Mazurka for Two Dead Men

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Product Details

$18.95  $17.62
New Directions Publishing Corporation
Publish Date
5.1 X 1.0 X 7.9 inches | 0.7 pounds
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About the Author

Camilo José Cela, winner of the 1989 Nobel Prize for Literature, was born in 1916 in Galicia in a family with aristocratic roots. His father was a Spaniard, his mother of English birth but also with some Italian blood. His medical studies were interrupted due to the civil war, after which he returned to Madrid to study law. In 1942, he published the novel that made his name, La familia de Pascual Duarte. Since then he has devoted himself entirely to literature. He lived on Mallorca for decades, starting in 1954. In 1956 and until 1979, he published the magazine, Papeles de Son Armadans in which, during the Franco era, he could give space to the young opposition. He died in 2001.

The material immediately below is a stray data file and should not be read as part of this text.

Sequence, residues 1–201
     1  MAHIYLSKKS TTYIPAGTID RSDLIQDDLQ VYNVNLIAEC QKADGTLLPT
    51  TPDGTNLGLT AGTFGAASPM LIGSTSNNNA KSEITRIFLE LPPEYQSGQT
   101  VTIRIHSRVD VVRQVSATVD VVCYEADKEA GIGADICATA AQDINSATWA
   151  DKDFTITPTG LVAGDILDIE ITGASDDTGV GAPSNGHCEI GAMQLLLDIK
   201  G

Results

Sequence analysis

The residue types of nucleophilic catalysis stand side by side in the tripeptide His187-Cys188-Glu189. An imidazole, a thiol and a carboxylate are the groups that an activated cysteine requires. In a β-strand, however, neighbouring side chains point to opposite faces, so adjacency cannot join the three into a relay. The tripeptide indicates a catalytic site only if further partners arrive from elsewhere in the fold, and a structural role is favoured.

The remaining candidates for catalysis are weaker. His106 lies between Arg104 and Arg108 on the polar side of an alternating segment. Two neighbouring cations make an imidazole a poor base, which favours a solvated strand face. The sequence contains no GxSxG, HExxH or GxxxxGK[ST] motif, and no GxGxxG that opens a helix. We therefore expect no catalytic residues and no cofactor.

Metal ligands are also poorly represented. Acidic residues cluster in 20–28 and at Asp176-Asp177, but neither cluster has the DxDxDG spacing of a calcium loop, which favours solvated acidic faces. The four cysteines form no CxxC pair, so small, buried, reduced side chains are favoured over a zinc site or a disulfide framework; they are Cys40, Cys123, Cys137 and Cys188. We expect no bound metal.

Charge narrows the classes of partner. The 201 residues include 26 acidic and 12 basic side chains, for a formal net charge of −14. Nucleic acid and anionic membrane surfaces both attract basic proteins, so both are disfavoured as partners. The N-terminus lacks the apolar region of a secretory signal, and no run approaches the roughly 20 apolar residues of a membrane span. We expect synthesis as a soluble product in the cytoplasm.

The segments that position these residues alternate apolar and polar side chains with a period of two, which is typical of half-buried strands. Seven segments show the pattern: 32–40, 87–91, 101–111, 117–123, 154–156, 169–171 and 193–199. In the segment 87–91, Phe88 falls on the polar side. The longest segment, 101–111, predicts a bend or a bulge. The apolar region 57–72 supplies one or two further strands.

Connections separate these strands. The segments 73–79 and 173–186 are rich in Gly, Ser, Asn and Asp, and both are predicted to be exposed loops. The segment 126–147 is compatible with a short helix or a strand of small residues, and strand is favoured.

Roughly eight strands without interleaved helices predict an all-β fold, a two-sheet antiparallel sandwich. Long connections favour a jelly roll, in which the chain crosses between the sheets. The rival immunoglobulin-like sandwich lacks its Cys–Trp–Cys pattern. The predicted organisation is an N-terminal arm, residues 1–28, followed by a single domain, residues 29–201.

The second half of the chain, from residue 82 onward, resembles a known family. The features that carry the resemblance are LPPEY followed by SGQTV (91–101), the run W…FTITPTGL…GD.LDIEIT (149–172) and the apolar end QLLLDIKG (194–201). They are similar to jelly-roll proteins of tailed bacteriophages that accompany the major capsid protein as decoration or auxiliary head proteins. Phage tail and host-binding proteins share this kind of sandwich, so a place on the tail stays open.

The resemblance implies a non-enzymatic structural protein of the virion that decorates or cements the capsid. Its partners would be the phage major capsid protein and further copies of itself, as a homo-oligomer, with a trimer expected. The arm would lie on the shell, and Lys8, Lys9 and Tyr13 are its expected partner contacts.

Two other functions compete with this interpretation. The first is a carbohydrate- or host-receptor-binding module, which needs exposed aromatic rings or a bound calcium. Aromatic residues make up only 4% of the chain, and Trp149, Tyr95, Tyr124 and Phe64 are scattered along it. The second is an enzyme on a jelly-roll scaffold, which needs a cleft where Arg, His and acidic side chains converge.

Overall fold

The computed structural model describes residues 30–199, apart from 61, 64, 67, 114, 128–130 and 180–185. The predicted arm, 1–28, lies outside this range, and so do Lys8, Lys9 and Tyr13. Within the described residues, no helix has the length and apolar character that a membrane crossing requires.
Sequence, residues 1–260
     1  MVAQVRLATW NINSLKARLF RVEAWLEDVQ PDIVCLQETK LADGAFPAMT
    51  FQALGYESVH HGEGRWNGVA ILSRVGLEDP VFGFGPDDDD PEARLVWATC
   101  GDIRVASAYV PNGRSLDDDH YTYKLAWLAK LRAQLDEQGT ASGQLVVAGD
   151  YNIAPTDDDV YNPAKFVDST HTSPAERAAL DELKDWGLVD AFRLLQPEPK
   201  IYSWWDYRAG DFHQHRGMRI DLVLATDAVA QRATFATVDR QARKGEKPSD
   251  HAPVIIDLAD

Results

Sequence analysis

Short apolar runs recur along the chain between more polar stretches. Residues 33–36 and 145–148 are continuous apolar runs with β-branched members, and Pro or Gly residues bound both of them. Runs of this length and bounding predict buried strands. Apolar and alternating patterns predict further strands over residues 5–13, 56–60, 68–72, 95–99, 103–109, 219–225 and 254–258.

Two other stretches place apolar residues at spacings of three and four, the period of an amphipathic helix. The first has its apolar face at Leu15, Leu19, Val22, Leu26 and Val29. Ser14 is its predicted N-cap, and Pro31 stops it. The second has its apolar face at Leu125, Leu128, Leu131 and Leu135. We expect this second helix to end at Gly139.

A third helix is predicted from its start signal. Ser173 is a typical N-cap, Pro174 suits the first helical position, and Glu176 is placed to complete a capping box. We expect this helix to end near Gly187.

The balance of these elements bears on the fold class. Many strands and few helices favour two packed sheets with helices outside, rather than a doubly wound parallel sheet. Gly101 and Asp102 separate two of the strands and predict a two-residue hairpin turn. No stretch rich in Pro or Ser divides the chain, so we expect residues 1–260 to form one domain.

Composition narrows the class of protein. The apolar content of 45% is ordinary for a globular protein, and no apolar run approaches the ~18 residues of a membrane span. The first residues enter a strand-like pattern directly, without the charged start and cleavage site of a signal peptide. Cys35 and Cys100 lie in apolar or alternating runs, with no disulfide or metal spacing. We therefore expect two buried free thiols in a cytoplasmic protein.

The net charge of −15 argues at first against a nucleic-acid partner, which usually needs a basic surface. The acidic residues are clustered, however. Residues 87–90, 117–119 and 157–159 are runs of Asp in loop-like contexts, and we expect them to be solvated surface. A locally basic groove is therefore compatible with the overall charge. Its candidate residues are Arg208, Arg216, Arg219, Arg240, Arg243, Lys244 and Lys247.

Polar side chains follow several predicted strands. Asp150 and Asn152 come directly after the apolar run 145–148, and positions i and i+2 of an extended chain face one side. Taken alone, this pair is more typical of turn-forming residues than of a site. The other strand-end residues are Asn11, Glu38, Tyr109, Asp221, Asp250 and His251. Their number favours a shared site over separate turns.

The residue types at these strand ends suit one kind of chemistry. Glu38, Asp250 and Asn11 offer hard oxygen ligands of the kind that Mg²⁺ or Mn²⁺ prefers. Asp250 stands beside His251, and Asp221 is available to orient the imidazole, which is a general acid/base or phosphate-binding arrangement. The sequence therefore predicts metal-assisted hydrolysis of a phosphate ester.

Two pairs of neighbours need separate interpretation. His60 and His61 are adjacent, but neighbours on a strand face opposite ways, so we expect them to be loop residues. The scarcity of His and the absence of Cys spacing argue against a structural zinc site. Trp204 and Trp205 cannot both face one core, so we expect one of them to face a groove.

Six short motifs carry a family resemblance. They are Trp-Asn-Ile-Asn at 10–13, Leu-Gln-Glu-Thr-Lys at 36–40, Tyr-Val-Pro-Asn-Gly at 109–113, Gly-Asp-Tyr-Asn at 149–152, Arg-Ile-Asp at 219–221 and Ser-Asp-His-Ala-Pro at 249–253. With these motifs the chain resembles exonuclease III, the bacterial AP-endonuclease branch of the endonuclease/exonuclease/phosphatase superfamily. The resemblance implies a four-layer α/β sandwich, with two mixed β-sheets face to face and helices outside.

Cela never forgets that the mazurka is a dance. He writes with gusto about that fundamental two-step of human existence: sex and death.
The definitive novel of how the Spanish Civil War was actually experienced by ordinary people.
His most mesmerizing fiction, about life during the first four decades of the twentieth century, a life so brutal that the Spanish Civil War, when it occurs, seems a mere continuation of the ordinary. A fiendishly haunting story.
Cela is the Goya of Franco's Spain.--Paul West
If there is any Spanish novelist who deserves the Nobel Prize on the merit of narrative experimentation alone, it is without a doubt Camilo José Cela.--Miguel Ugarte
There is a secret slot for Cela at his best, as one of the great prose stylists, plural, of Spain--a man dangerously like us.--Roberto Bolaño